Thursday, January 15, 2004

I Try Harder (Second Best) part 2

Last night at youth group, a 15-year-old girl summed up what haunts my every hour, enervates me to a point of artistic paralysis and yet whets my anthropologic appetite all in one simple sentence: "Every thought I've ever had and everything I've ever done was someone else's idea." The simple thought that who I am is an accumulation of every person and idea since the beginning of time. The knowledge that ideas, just as matter, cannot be created nor destroyed both dehydrates and quenches my creative juices.

This thought nearly crushes my will to write. Anything I could write about has already been said. Every idea has already been expounded upon. All attempts to express my ideas or myself result in merely rearranging the dictionary. Why, then, should I even endeavor to produce anything at all when authors from the beginning of time have only been writing from the knowledge left to him or her by their predecessor?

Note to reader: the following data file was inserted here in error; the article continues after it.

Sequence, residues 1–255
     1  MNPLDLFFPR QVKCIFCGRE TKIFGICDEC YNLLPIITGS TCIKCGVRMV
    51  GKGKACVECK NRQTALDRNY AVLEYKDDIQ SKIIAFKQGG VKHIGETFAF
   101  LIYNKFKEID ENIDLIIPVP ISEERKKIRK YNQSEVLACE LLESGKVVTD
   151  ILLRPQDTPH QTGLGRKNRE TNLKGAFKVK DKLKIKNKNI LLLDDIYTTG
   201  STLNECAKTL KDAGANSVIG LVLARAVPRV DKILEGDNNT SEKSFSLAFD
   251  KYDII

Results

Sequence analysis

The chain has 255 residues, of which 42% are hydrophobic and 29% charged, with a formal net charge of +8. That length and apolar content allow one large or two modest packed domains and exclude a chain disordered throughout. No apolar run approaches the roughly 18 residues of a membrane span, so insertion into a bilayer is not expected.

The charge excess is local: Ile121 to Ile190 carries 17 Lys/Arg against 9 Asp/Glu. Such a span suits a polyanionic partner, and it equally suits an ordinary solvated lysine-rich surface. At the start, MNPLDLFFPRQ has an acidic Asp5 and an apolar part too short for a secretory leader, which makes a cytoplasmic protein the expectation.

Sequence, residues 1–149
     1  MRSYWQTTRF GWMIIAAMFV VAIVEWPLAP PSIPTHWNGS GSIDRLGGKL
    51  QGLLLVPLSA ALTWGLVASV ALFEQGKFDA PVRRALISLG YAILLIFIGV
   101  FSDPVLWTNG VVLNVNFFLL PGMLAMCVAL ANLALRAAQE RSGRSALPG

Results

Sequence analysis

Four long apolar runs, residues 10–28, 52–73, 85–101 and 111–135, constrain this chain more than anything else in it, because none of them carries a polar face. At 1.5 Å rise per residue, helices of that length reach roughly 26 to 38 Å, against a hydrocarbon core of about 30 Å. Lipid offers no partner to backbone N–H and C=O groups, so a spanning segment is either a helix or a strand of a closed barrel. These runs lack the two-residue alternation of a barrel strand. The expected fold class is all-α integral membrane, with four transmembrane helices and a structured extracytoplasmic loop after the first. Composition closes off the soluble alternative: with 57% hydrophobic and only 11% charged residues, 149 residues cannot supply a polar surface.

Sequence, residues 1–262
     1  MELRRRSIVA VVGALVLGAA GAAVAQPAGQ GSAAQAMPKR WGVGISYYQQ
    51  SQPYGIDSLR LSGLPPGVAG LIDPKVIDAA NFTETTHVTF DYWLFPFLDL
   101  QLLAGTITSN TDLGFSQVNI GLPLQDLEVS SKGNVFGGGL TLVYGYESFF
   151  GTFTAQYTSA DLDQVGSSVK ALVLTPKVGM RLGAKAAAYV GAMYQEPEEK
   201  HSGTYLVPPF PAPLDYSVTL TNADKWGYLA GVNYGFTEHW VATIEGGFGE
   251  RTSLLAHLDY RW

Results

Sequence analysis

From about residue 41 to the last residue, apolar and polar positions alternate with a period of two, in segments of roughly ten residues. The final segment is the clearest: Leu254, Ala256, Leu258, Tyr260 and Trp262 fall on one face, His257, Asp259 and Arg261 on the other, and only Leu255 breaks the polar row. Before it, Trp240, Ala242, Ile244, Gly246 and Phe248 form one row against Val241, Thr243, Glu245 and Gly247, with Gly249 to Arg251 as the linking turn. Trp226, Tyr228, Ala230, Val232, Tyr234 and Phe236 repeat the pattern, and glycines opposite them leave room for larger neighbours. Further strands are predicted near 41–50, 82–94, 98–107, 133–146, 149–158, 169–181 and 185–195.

And yet, if we follow the trickle down effect throughout time, we find gullies and culverts along the way. We find deltas, brimming with fertile silt from converging concepts, running over one another, mingling notions, birthing hybrids, stronger and steadier still. We find separate constellations and solar systems of thought, stemming from a wayside brook. We find new inventions, new ways of saying things, new translations and configurations to match our ever-transforming society, our respective cultures- new every day thanks to the constant battle between conformity and deconstruction.

So, why should I bother writing? Because maybe, just maybe, there is one person out there who teeters on the brink of understanding. Maybe, just maybe, stepping into my random rivulet will wash away the remaining groundwork, allowing them the freedom to topple with reckless abandon into discernment otherwise unattainable. Maybe, just maybe, that person is you. More than likely, that person is me.